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Freeze Control in Food by Ice Binding Proteins

Final Report Summary - FREEZECONTROL BY IBP (Freeze Control in Food by Ice Binding Proteins)

Freezing processes play a main role in food science. Storage of food in a frozen form has become one of the most common ways to elongate the self-life of many food products. Still, destructive processes during freezing and thawing limit the use of this method for recoverable storage. During the freezing of food materials, cell walls can be ruptured by ice crystals, or they can be separated by extra-cellular ice growth during the recrystallization process, in which ice crystal grows bigger on the expense of small crystals.
Antifreeze proteins (AFPs) are a remarkable group of proteins that facilitate survival of cold-adapted organisms at sub-zero temperatures. These proteins have the ability to bind to ice crystals and inhibit their growth to a certain level. Some of the AFP proteins are highly active and named hyperactive AFPs while others are called moderate AFPs. In frozen samples, damaging recrystallization processes are well inhibited by AFPs. These unique interactions of AFPs with ice crystals suggest their potential use in cryopreservation of food materials, cells, tissues, and organs. Our lab investigates the mechanism of action of AFP proteins on ice and promotes the potential use of AFPs in advancing cryopreservation technologies.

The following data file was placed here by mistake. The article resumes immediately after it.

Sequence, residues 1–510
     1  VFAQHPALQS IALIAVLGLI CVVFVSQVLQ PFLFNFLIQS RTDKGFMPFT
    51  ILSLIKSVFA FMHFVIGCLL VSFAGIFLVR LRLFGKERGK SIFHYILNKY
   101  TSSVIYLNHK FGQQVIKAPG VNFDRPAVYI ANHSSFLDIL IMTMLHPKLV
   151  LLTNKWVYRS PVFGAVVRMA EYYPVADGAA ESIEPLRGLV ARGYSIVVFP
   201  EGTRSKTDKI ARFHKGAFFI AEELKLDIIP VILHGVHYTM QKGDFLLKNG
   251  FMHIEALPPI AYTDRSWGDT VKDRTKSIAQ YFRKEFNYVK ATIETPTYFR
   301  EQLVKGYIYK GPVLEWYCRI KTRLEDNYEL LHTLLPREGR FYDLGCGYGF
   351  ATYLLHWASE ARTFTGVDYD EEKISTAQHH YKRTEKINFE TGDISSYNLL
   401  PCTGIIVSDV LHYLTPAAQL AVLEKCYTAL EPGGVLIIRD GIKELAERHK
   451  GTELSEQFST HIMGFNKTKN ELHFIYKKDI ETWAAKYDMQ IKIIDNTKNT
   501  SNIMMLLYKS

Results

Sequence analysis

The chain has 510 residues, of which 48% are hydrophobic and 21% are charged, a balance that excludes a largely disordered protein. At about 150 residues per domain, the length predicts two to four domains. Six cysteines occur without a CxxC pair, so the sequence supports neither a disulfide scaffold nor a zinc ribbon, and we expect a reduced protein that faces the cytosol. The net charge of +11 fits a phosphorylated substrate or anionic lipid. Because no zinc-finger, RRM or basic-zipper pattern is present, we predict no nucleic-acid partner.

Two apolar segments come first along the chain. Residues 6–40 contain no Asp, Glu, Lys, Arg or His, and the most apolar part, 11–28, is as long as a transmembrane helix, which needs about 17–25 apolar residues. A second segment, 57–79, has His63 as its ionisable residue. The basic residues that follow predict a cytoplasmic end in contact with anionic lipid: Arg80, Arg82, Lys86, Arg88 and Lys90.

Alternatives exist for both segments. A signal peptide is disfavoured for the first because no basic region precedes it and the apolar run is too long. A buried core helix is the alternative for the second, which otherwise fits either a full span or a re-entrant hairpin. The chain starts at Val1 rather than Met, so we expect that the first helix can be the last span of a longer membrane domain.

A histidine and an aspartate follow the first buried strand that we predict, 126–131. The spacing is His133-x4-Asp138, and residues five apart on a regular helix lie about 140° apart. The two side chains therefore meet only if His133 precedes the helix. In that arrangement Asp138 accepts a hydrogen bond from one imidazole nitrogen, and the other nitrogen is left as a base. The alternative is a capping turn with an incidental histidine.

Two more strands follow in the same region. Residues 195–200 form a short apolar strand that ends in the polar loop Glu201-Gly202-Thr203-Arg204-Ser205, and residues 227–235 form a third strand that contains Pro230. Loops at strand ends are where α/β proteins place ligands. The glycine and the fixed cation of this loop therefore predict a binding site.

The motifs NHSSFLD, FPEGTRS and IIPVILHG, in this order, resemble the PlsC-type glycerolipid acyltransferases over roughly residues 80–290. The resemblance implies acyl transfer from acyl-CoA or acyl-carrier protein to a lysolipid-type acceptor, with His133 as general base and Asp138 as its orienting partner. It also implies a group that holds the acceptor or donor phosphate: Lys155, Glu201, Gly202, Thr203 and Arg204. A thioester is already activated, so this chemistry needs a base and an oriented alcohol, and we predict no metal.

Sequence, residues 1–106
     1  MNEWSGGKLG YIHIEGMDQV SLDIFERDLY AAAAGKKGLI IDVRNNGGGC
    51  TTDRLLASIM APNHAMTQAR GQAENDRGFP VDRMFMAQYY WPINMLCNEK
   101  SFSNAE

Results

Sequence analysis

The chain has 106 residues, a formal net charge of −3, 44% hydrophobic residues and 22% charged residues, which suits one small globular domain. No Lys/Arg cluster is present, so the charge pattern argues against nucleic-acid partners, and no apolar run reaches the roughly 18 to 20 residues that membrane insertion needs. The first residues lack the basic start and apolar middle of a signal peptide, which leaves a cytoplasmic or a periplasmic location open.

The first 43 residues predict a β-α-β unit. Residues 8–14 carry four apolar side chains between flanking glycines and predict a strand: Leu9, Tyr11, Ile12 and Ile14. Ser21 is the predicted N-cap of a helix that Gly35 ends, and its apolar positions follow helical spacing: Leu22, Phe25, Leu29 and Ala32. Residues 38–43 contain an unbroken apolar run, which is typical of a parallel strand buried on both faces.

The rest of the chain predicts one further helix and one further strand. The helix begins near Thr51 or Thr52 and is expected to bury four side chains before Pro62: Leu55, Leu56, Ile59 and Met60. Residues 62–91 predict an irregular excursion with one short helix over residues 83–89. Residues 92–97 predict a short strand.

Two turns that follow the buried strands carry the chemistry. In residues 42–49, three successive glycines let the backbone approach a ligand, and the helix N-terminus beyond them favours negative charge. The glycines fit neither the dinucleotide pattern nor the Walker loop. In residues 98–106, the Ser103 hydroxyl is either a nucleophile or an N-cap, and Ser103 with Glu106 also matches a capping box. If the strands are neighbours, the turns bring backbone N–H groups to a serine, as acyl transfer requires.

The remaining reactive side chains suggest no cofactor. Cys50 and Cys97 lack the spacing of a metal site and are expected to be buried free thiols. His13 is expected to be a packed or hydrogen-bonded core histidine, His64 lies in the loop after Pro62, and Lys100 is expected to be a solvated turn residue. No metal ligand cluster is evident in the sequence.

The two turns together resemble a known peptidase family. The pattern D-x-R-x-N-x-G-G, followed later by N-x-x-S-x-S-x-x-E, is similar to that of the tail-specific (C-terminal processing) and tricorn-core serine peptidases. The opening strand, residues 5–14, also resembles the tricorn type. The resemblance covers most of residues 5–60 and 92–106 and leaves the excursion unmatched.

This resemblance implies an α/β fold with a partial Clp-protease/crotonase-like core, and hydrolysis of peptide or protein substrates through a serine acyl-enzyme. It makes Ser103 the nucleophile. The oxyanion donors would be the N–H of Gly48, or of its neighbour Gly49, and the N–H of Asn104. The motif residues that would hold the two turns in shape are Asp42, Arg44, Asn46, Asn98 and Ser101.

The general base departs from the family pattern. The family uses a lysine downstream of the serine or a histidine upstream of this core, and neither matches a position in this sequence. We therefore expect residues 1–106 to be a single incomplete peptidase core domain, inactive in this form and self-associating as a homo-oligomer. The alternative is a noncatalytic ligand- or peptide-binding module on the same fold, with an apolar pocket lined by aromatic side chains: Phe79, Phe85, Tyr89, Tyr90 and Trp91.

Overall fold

Two main tools were developed in our lab to study these proteins. A custom-made computer-controlled cold microscope stage system for activities measurements AFPs (This study has been published in the Journal of Visualized Experiments, Braslavsky and Drori, 2013), and a novel microfluidic device allowing temperature control of small ice crystal in a microscopic environment (Published in PNAS, Celik et al. 2013, and in R. Soc. Interface, Drori, et al, 2014). Using these devices and fluorescently labeled proteins, we explored the dynamic nature of the AFPs activity.
With these systems we study the way AFPs interact with ice. Ice crystals tend to be flat, with a plane that called basal plane, and has internal hexagonal symmetry in the perpendicular direction. We show that AFPs bind irreversibly to ice crystals (Celik et al. 2013), however, moderate AFPs are unable to bind to the basal plane of the crystal while hyperactive AFPS do bind to basal plane and they have different ice binding kinetics (Drori et al. 2014).
Another way to distinguish moderate from hyperactive AFPs is by observing ice shaping. We found that ice shapes in hyperactive AFPs solutions are actually formed during melting (Published in R. Soc. Interface, Bar-Dolev et al, 2012). Ice recrystallization inhibition (IRI) of AFPs is also an important issue that we investigate in our lab. (Related article in Plos One, Mizrahy et al, 2013). IRI and ice shaping, both involve in freezing damage of tissue and cells and their prevention will have great impact on cryopreservation of biological samples and in food industry.